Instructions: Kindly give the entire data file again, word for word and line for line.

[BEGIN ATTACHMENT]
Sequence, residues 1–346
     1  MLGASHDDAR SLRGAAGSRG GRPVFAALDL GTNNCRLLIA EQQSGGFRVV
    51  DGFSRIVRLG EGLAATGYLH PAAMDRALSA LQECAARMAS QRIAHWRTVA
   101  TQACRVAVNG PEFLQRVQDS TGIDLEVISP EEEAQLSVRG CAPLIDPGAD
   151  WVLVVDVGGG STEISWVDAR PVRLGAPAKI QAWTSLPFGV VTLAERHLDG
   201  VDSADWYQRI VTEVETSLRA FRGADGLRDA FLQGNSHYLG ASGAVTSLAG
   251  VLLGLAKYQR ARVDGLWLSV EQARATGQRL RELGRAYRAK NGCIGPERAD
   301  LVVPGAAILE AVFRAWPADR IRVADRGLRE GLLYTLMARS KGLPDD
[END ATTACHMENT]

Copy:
Sequence, residues 1–346
     1  MLGASHDDAR SLRGAAGSRG GRPVFAALDL GTNNCRLLIA EQQSGGFRVV
    51  DGFSRIVRLG EGLAATGYLH PAAMDRALSA LQECAARMAS QRIAHWRTVA
   101  TQACRVAVNG PEFLQRVQDS TGIDLEVISP EEEAQLSVRG CAPLIDPGAD
   151  WVLVVDVGGG STEISWVDAR PVRLGAPAKI QAWTSLPFGV VTLAERHLDG
   201  VDSADWYQRI VTEVETSLRA FRGADGLRDA FLQGNSHYLG ASGAVTSLAG
   251  VLLGLAKYQR ARVDGLWLSV EQARATGQRL RELGRAYRAK NGCIGPERAD
   301  LVVPGAAILE AVFRAWPADR IRVADRGLRE GLLYTLMARS KGLPDD